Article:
Review of Writing Magic: Creating Stories That Fly
by Gail Carson Levine

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Cover of Writing Magic  by Gail Carson Levine

Writing Magic is a lively and compact guide to writing fiction, aimed at upper elementary and middle school children. It also provides an introductory or refresher course in writing basics for adults.

Contents of Writing Magic: Thirty chapters organized in five sections take the reader through the writing process, from beginnings and ways to let ideas flow to writing for yourself and getting published. Along the way Gail touches on such topics as the importance of details and how to choose the right ones, creating a setting, finding the right ending, and the revision process.

Throughout, Gail explains and gives examples, and ends her chapters with writing exercises. Chapter 11, "Talking," which covers dialogue, provides a typical example. The chapter opens with a discussion of the role of dialogue in a story, and of how best to set it up. Gail then uses a lengthy excerpt from Patricia Reilly Giff's Lily's Crossing to show what she means. After that, she demonstrates the effect of long sentences and long words in dialogue as compared to short sentences and short words, and shows which seems more like real-life speech. For the chapter's writing exercise, Gail asks the reader to choose one of four situations she describes, and to write the dialogue for it. She then ends the chapter as she usually does: "Have fun! Save what you wrote."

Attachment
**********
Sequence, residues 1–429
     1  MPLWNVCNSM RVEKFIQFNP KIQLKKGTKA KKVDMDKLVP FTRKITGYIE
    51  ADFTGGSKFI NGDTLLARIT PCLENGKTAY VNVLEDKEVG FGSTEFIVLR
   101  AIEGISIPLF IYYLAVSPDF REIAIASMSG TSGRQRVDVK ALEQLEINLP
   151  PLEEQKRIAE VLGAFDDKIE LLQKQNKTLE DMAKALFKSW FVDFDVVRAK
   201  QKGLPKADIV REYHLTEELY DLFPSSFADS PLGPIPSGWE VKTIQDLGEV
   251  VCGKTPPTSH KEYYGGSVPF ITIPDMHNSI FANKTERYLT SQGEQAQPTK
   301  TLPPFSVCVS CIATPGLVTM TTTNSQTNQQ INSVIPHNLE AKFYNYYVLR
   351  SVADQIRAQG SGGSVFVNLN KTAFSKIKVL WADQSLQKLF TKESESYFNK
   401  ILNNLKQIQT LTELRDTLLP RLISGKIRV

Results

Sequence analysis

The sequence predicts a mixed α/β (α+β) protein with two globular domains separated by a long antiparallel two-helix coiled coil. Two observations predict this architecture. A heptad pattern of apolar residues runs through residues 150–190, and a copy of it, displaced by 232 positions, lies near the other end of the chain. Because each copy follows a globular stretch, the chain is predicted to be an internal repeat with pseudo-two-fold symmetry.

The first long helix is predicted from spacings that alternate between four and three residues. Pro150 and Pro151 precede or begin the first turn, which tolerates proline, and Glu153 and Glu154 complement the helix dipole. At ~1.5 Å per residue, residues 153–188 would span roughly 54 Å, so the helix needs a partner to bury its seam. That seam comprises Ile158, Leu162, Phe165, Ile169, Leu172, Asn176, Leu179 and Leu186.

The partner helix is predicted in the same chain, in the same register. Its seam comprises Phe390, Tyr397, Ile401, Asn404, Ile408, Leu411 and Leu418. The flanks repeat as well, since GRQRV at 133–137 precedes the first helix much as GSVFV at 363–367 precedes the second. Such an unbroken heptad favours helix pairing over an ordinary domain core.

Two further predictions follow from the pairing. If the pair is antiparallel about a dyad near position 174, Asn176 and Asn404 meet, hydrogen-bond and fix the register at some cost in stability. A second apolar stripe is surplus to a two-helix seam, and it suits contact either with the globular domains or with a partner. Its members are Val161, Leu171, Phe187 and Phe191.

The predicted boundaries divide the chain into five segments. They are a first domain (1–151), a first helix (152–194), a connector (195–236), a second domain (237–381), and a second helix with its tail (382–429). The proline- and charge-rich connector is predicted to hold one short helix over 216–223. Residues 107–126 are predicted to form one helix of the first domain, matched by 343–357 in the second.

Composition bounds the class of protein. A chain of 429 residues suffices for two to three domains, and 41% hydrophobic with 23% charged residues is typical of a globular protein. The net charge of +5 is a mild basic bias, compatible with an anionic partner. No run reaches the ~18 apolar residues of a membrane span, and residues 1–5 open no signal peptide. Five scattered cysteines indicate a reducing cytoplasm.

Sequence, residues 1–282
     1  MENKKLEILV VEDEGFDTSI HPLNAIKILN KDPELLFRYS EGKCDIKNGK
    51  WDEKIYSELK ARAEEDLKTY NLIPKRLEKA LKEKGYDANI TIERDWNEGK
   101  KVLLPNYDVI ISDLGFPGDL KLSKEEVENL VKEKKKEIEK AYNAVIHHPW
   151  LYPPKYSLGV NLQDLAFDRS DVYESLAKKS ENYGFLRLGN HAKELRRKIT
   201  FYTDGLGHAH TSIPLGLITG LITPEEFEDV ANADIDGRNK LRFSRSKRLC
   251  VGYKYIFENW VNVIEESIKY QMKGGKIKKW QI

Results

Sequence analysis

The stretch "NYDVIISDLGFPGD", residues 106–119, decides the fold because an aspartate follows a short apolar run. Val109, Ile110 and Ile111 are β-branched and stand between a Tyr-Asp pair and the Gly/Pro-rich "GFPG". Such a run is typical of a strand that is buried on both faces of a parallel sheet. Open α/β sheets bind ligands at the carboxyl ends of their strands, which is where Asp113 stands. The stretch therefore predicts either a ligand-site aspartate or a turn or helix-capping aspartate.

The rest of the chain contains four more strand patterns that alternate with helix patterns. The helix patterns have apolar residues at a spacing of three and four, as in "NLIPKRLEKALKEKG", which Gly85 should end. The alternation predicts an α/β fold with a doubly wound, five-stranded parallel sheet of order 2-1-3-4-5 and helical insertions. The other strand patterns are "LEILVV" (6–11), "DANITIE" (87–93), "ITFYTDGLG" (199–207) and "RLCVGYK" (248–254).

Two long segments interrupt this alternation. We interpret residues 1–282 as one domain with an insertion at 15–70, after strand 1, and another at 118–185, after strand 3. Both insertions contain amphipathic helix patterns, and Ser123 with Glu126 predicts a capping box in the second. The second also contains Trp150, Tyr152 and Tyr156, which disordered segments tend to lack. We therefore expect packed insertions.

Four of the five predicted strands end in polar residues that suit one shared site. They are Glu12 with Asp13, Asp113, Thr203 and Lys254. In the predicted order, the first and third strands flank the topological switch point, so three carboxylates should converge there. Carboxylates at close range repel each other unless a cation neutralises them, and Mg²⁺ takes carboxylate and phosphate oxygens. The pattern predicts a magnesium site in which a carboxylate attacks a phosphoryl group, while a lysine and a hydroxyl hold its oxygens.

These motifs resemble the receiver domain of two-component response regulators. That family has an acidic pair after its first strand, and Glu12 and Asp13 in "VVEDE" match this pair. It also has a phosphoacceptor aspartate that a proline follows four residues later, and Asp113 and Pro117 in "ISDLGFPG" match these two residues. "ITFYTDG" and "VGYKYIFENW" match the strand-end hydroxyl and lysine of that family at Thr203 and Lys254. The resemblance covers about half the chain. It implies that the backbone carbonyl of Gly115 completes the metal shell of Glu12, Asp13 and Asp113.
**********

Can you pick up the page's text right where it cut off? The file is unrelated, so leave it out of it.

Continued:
In addition to covering the basics, Gail has some pithy comments on writing. These start in the first chapter, in which she explains the importance of saving what you write: "I used to think, ages ago, that when I grew up I'd remember what it felt like to be a child and that I'd always be able to get back to my child self. But I can't." This is a brave admission for a children's book writer to make--and exactly what many aspiring writers may need to hear. Later, in a chapter called "Show and Tell," she starts out by saying "Writers are often advised to show, not tell. You need to do both"; she then goes on to show when one or the other is the better approach. One last example: of the word said, Gail notes that it "is a magical word. Boring maybe but magical nonetheless. It's magical because it disappears." She goes on to explain why said is often a better choice than some more attention-getting word.

Comments Writing Magic is a great introduction to writing for children. It covers the entire sequence of the writing process. The "voice" is upbeat and not condescending. It is clearly written, and includes examples when they are needed. And Gail makes some pithy comments on writing that cast doubt on conventional wisdom. As far as I know, there is nothing else like this available.

Adults can learn from it too--I know I did. The book reminds us of the truly essential and of the steps needed to get from point A to point B. Writers doing school visits will find it provides useful guidance for working with children.

Who Needs Writing Magic: The main audience for this book is children, of course, ages 9 and up, and their teachers. But adult writers may also find this to be a useful and concise guide: it focuses on the truly important issues, and is practical and direct. For other writing guides, see my Writing How-To's, which I developed as a supplement to The C. I. Guide to Publishing Children's Books.

Disclosure: I received a review copy of this book for free from the publisher, as do most reviewers. I also know Gail Carson Levine, but have tried to look at the book as objectively as I can.

Where and How to Purchase Writing Magic :

You can, of course, also purchase this at any bookstore. If they don't have it in stock, they can order it for you.

This review is copyright © by Harold Underdown ( Google + Profile ). If you wish to reproduce it, please see the Terms of use. Last modified 3/16/2013.

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